: And for WHICH of those would you say a photographer selects a 100mm lens (or whatever his choice is) for portraiture?

    Assuming a full frame 35mm camera; a 100mm lens gives a suitable field of view to allow the photographer to maintain sufficient distance from his subject to give a suitable perspective for (classic) portraiture and fill the frame.
     
    Nostrobino, Aug 10, 2004
  15. PrincePete01

    Nostrobino Guest

    That, and focal length. You cannot produce wide-angle perspective with a
    long-focus lens, regardless of camera position. I have said this several
    times already. No one has refuted it and no one can.

    If perspective really were only "a result of camera position" then obviously
    you could get any perspective you wanted simply by moving the camera around.
    You can't.
    Those lots of people are perfectly correct in doing so. The difference is
    perspective. They can see it, I can see it, and I'll bet you could see it
    before you read some nonsense that told you it wasn't really there.

    How would you define "perspective"? Not what causes it, what IS it? What do
    you see in a picture that you call perspective? Answer that correctly and
    you have to admit that wide-angle perspective (etc.) exists.

    The spatial compression demonstrated by long lenses results from their
    magnification and small angle of view. The change in apparent object
    relationships (position, size, angles etc.) that this produces certainly
    does qualify as a change in perspective.

    A photographer may choose a particular focal length to gain a large field of
    view (as in interior photography), high magnification (wildlife photography)
    or pleasing perspective (portrait photography). While these things are all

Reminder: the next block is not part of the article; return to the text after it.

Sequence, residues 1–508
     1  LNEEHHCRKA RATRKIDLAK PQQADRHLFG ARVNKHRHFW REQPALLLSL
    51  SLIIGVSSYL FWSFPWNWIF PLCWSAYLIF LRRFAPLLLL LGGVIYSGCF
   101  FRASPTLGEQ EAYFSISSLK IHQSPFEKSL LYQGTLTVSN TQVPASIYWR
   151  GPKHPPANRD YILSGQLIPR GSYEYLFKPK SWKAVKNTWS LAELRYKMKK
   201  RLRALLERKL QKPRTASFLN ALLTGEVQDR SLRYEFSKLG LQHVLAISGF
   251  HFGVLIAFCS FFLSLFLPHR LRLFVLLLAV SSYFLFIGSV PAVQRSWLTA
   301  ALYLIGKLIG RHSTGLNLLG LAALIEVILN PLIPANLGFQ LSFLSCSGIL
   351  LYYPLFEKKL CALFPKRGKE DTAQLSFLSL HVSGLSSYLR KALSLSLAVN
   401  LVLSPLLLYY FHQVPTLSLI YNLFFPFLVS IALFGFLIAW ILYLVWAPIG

necessarily interrelated, they are entirely different reasons for selecting
    focal lengths.

    In each case, camera position is simply what it has to be in order to get
    the desirted result with the lens selected. Thus you may hear a photographer
    say, "I like to use a 100mm lens for portraits"--rather than, for example,
    "I like to shoot portraits from a distance of about seven feet." He chooses
    the focal length for the perspective he wants, and the camera position
    follows from that. Not the other way around.
     
    Nostrobino, Aug 10, 2004
  16. PrincePete01

    Nostrobino Guest

    It's a common and correct perception.

    The telephoto look (i.e., perspective) occurs with long lenses irrespective
    of camera to subject distance. Do table-top photography with a long lens and
    you still have the telephoto look.

    No, I'm a three-dimensionaler. So you're agreeing with Jeremy that it's all
    a spherical projection?

    You will want to talk to Jeremy about that, not me.

    YES! YES! That is exactly what I have been asking people here to do, and
    have had no takers. Just show me how you can get the same perspective with a
    135mm lens (or whatever) that you do with a 28nn lens (or whatever). Use any
    camera position you like to do that.

    So far, so good.

    No, sorry, they do not. They define nothing but the directions from the
    camera to those parts of the subject(s).

    Change the focal length and you get MORE such lines at wider angles, or
    FEWER such lines at narrower angles. The lines you had before the f.l.
    change are either added to, or subtracted from. Ergo, they are indeed
    affected by focal length.

    But that isn't what you've just described. You've only described directions
    from the camera to parts of the subject.

    Again, this is just not necessarily true. That telephoto look occurs
    regardless of distance. Long lenses are often used for portraiture at fairly
    close distances, and I have already mentioned table-top photography. There
    are many macro lenses (i.e., designed expressly for macro work) in the 90mm
    to 200mm range, and of course they are used at close distances. In all of
    these examples the long-lens look is still there. You do not get the same
    perspective with a 180mm macro that you do with a 50mm macro.

    Wide-angle lenses are very commonly used for landscapes and other distant
    shots, and DoF has nothing to do with perspective.

    As just (and repeatedly, repeatedly, repeatedly) illustrated, it does
    indeed.

    That is my hope. Or at least, UNLEARN some of the nonsense they have
    learned.
     
    Nostrobino, Aug 10, 2004